Bermudian-registered ship in NSW inquiry
A Bermudian-registered cruise ship is under police investigation in Australia after passengers — many later found to have been infected with Covid-19 — were allowed to disembark without being questioned about their health.
The Ruby Princess, owned by Carnival Cruises, has 200 sick crew on board and is the focus of a New South Wales Police probe into the circumstances after is disembarked more than 2,500 passengers at Sydney's Circular Quay on March 19.
A total of three passengers and a crew member were found to have been infected with the coronavirus a day later and 12 people have since died.
More than 600 cases of Covid-19 have been reported out of 2,647 passengers who took the voyage to New Zealand and back.
There have been several stories in the Australian media about why the ship was allowed to dock and who was responsible for allowing passengers to disembark without proper health checks.
The ship is the single biggest source of coronavirus infections in Australia.
The Ruby Princess was again allowed to dock yesterday at Port Kembla, just south of Sydney, but this time under strict quarantine provisions.
A NSW Police statement said: “ … the crew will not disembark unless in an emergency and approved by the NSW Police Commissioner.
“She will also be refuelling and restocking provisions as required for her home journey.”
However, where her “home” is still to be established.
The ship is registered in Bermuda, but the 18-deck liner was based in Sydney for a six-month cruise season.
David Burt, the Premier, said he expected the ship would be dealt with under international maritime law.
A spokesman for the Ministry of Tourism and Transport said: “The ministry can confirm that the Ruby Princess is registered in Bermuda and the vessel is currently in Australian waters where local authorities are providing medical assistance.
“Meanwhile, the Bermuda Shipping and Maritime Authority is in constant contact with representatives of Princess Cruises and the UK Maritime Coastguard Agency to provide diplomatic consular support via the Governor's office in consultation with the Foreign Commonwealth Office.”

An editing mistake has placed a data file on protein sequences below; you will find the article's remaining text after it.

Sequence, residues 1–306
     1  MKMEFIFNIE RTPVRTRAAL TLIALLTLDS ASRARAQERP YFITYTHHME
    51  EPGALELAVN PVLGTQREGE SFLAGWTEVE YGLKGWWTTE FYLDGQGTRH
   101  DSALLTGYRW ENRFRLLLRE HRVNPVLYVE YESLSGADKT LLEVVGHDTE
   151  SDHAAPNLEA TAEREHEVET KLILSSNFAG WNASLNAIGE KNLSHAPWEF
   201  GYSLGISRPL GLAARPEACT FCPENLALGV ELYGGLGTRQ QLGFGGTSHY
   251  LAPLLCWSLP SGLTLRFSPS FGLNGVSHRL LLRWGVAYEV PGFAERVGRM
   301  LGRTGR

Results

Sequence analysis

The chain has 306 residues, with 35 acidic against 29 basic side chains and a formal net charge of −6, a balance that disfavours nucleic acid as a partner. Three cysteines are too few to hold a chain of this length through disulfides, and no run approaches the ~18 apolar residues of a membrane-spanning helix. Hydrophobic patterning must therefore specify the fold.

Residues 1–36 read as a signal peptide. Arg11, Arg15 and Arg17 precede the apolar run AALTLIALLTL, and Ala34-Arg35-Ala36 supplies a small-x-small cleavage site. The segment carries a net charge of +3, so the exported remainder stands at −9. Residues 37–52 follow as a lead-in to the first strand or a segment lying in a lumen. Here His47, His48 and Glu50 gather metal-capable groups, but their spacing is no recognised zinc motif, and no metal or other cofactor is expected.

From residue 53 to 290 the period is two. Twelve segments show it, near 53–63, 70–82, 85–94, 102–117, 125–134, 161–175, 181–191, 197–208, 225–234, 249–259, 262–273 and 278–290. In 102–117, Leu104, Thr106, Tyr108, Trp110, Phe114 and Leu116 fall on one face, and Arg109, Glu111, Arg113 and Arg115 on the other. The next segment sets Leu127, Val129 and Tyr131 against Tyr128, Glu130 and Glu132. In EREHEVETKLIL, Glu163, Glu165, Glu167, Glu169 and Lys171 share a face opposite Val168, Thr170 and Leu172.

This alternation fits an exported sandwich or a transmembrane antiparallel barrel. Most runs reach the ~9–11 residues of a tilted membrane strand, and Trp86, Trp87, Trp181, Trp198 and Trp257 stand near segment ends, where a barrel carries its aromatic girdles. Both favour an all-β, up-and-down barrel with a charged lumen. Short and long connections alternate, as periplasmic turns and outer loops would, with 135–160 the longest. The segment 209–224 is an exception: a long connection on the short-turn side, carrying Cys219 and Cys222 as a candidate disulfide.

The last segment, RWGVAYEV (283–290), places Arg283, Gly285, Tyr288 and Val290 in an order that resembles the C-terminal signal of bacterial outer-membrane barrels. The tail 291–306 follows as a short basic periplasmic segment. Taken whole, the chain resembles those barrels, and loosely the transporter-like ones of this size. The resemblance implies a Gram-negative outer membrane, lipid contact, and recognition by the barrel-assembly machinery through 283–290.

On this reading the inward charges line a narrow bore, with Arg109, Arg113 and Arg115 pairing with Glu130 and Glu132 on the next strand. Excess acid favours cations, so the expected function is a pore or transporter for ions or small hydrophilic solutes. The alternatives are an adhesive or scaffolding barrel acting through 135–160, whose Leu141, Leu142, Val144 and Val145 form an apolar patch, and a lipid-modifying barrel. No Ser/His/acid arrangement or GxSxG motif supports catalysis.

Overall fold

Carnival Australia president Sture Myrmell said the company was in talks with federal and state authorities to repatriate the 1,100 crew on board the Ruby Princess and send them home.
The crew are from 50 countries, so repatriating them would be difficult.
Mr Myrmell said: “Being able to send home those crew members who are not required for the safe operation of the ship is the right thing to do both from a humanitarian point of view and Australia's international standing as a maritime nation that looks after foreign nationals in its care.”
NSW Police Commissioner Mick Fuller told the Australian ABC broadcaster that, although sick crew would be treated in NSW hospitals if needed, it was the responsibility of the operator, Carnival Australia, to repatriate everyone.
At least eight cruise ships were anchored off Sydney for more than two weeks, but after they were ordered to leave, they steamed into international waters.
However, with so many sick crew members on board the Ruby Princess, Carnival Australia was not prepared to allow the ship to put to sea.
Mr Myrmell argued it needed to remain close to Australia if crew became too sick to remain on board.
He said last week: “While illness on board has been reduced due to strong health management, the ship needs to remain within reach of Australia to access healthcare services if an urgent need arises.”
Several crew members were later taken off the ship to receive medical treatment in Sydney.
Australia's Attorney-General, Christian Porter, told ABC Radio yesterday: “Taking sick crew and passengers off any ship at sea is a dangerous task and that's why the ship will be docked.”
Police said the ship would remain in port under strict health and biosecurity guidelines and “will not pose a risk to employees at the port or the broader community”.
The criminal investigation will be led by the NSW Homicide Squad's Detective Chief Inspector Jason Dickinson, with oversight from the NSW coroner.
Police said thousands of witnesses were expected to be interviewed, including the Ruby Princess's captain and doctors, the crew and passengers, and staff from several federal and NSW government offices and agencies.
Mr Fuller added that investigators would examine the actions of everyone involved — including the cruise company and government agencies.
He said: “This is a complex issue and we will need information from many witnesses to answer all the questions about how this ship ended up docking last month.
“We are mindful that some of the key information we need will also come from passengers, so I urge those who were on board to reach out to us. ”